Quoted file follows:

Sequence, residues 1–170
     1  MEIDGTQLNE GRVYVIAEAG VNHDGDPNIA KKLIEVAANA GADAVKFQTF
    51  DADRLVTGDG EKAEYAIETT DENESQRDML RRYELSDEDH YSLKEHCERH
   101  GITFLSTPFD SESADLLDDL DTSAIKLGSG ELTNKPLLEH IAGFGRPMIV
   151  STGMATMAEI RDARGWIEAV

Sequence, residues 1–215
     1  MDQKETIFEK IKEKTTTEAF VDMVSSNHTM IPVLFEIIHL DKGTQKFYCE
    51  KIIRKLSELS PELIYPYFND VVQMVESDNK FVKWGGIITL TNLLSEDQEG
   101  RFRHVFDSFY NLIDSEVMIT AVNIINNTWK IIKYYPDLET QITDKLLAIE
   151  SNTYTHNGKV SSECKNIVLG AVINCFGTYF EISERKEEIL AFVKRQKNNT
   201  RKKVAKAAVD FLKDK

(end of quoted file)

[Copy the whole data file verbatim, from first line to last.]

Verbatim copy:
Sequence, residues 1–170
     1  MEIDGTQLNE GRVYVIAEAG VNHDGDPNIA KKLIEVAANA GADAVKFQTF
    51  DADRLVTGDG EKAEYAIETT DENESQRDML RRYELSDEDH YSLKEHCERH
   101  GITFLSTPFD SESADLLDDL DTSAIKLGSG ELTNKPLLEH IAGFGRPMIV
   151  STGMATMAEI RDARGWIEAV

Sequence, residues 1–215
     1  MDQKETIFEK IKEKTTTEAF VDMVSSNHTM IPVLFEIIHL DKGTQKFYCE
    51  KIIRKLSELS PELIYPYFND VVQMVESDNK FVKWGGIITL TNLLSEDQEG
   101  RFRHVFDSFY NLIDSEVMIT AVNIINNTWK IIKYYPDLET QITDKLLAIE
   151  SNTYTHNGKV SSECKNIVLG AVINCFGTYF EISERKEEIL AFVKRQKNNT
   201  RKKVAKAAVD FLKDK